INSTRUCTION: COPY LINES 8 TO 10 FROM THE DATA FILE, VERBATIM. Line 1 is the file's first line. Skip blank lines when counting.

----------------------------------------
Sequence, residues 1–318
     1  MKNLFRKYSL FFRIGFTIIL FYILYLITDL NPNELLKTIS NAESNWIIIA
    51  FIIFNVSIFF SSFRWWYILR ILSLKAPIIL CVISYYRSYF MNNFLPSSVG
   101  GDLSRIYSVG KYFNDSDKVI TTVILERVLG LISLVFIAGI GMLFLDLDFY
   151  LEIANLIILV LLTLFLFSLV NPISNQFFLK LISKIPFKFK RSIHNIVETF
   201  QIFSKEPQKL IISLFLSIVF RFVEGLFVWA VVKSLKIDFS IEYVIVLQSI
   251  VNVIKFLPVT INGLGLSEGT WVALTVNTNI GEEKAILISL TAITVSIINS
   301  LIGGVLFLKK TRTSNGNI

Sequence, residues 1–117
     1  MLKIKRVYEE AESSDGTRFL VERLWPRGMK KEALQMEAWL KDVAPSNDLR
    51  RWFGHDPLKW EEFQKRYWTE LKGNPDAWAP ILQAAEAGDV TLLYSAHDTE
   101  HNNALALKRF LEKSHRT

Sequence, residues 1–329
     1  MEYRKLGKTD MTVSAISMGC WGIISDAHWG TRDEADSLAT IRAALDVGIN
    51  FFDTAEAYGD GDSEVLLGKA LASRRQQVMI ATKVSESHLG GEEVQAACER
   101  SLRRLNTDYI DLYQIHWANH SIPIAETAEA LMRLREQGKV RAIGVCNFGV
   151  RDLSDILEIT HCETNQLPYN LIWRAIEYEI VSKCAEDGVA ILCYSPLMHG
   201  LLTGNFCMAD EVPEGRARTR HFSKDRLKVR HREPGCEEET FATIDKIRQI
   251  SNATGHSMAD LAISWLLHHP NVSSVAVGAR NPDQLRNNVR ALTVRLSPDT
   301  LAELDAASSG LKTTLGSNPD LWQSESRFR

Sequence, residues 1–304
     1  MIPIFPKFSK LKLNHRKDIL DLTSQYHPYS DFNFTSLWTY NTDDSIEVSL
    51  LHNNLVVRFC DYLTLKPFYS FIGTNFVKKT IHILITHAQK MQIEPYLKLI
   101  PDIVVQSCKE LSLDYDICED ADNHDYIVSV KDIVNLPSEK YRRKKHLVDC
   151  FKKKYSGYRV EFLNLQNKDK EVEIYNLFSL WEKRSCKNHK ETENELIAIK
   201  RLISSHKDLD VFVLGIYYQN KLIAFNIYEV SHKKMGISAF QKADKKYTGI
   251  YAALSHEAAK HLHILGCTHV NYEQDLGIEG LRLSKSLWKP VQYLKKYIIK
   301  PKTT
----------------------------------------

   301  LIGGVLFLKK TRTSNGNI

Sequence, residues 1–117
     1  MLKIKRVYEE AESSDGTRFL VERLWPRGMK KEALQMEAWL KDVAPSNDLR